TUKWILA — The Sounders’ front office gathered local media Friday to issue a public apology to its supporters groups and deliver a message: It’s still a soccer club that’s proud to hold a sign that reads “Anti-racist/Anti-fascist/Always Seattle.”

Doubt regarding the organization’s values began to rise during the team’s loss to rival Portland at CenturyLink Field on July 21. Approximately 45 minutes after supporters behind the stadium’s south goal unveiled their largest tifo (coordinated display of signage), it proudly waved an Iron Front flag in the Sounders’ green colors.

The Iron Front was an anti-Nazi paramilitary organization founded in Germany in the 1930s. Historical websites vary on the specific meaning behind the symbol — three arrows pointing Southwest — but it’s broadly accepted as anti-fascist.

MLS altered its Fan Code of Conduct before the 2019 season to regard the Iron Front flag as political, thus banning the signage in its stadiums.

Sounders owner Adrian Hanauer led an in-person discussion July 25 with representatives from Emerald City Supporters — the independent supporters group of the Sounders, which has Sections 121, 122 and 123 as its designated CenturyLink Field seating area — regarding the conduct violation.

In a follow-up letter dated July 26 to ECS co-presidents Shawn Wheeler and Tom Biro to formally issue the violation, Hanauer and Bart Wiley, the club’s chief operating officer, equated the Iron Front with far-right groups the Proud Boys and Patriot Prayer. It also cited Antifa, which is short for anti-fascist and is a loose group that aggressively opposes far-right movements.

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“Messages, banners, flags or any other symbols that represent an association to a political group will not be allowed in CenturyLink Field,” the letter states. “This includes, but is not limited to, Antifa, Iron Front, Proud Boys and Patriot Prayer.”

Taylor Graham, Sounders vice president of business operations and marketing, spoke to reporters Friday after practice at Starfire Sports on behalf of the ownership group. Hanauer was unavailable due to travel.

“For that, we first and foremost want to put our hand up and say, ‘That’s not fair, and we apologize for those words,’ putting them in that context,” Graham said of the letter’s construction.

Graham said he and other members of the front office have had multiple internal conversations as well as conversations with season-ticket holders who were either offended by the Iron Front flag or the letter’s wording, which was made public via social media by ECS. Another violation by ECS would result in a three-match suspension, according to the letter.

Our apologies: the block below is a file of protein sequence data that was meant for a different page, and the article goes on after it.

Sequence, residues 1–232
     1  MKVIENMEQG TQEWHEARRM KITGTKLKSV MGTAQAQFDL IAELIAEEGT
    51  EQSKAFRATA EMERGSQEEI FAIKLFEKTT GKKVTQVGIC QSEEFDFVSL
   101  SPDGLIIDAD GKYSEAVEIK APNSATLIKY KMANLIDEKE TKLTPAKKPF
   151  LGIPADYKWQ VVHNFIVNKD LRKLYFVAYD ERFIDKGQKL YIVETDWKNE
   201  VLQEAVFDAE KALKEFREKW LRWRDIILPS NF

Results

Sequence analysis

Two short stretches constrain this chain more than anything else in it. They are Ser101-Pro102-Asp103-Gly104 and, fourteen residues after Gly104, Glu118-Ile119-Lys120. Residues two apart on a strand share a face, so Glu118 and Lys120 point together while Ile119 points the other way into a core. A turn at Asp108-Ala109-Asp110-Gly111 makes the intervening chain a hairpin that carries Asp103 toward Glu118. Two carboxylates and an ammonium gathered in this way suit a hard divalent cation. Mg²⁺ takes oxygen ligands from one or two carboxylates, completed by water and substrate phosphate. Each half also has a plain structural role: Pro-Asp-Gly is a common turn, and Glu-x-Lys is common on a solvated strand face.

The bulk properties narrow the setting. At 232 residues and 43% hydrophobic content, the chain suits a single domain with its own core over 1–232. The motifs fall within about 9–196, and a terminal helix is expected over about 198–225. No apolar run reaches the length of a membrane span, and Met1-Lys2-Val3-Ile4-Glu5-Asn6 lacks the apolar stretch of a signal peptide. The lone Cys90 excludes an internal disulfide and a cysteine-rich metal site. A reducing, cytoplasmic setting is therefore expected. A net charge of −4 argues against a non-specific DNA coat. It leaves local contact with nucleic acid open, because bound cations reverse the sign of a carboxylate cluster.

ECS has since been joined in support by other fan groups Gorilla FC, which identifies as the Antifa supporters group, and Sounders FC Alliance, which represents all season-ticket holders. Also aligning with ECS is Portland’s 107 Independent Supporters Trust, which bills itself as “the engine that fuels the Timbers Army and Rose City Riveters,” the fan groups for the Portland Timbers MLS team and Portland Thorns women’s professional soccer team, respectively.

The Seattle groups had a conference call with Hanauer, Graham and coach Brian Schmetzer on Thursday that both sides say was positive. However, based on discussions with ECS members, the controversy is not only the association with far-right groups but what MLS deems political appears to be inconsistent.

In 2017, the complete Sounders ownership group stood in alliance with ECS when two of its members were removed from a playoff match at Vancouver for displaying the “Anti-racist/Anti-fascist/Always Seattle” signage. It has flown since and was grandfathered into the league’s conduct revision.

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MLS commissioner Don Garber, in a recent ESPN interview, wouldn’t take a stance regarding “Make America Great Again” red hats worn by supporters of President Donald Trump. Garber did support the Pride flag, which has origins stemming from a riot at a New York City gay bar. But he reiterated the league’s belief that the Iron Front is a political organization and its imagery has been appropriated to entice violence.

“Our stadiums are not environments where our fans should be expressing political views because you then are automatically opening yourself up to allowing counterviews,” Garber told ESPN from the MLS All-Star Game in Orlando. “Then we’re getting into a situation which is unmanageable and really not why the vast, vast majority of fans go to games.”

The Sounders’ supporters groups, with Portland’s 107 Independent Supporters Trust, have since issued a statement to continue to challenge MLS. Some members of Sounders supporters groups plan to wear an altered Iron Front logo on T-shirts, where the arrows are replaced by trees.

The fans are asking MLS to rescind its ban on the flag, remove “political” from its code of conduct and work with experts knowledgeable about human rights to craft rules that support inclusion and anti-discrimination.

Graham said he didn’t suspect the issues are resolved and wouldn’t comment on whether a shirt is permissible. There are no scheduled meetings between the groups, the Sounders front office is seemingly waiting to see what emerges at their home match Sunday night against Sporting Kansas City.

“Our body of work over the last 11 years is consistent and not indicative of that half-sentence,” Graham said of the letter. “We also are super cognizant that trust is built brick by brick, and it comes down pretty quick. This is a relationship that means a ton to ownership, and that’s why the time and attention and thought has been put into this the way that we have.”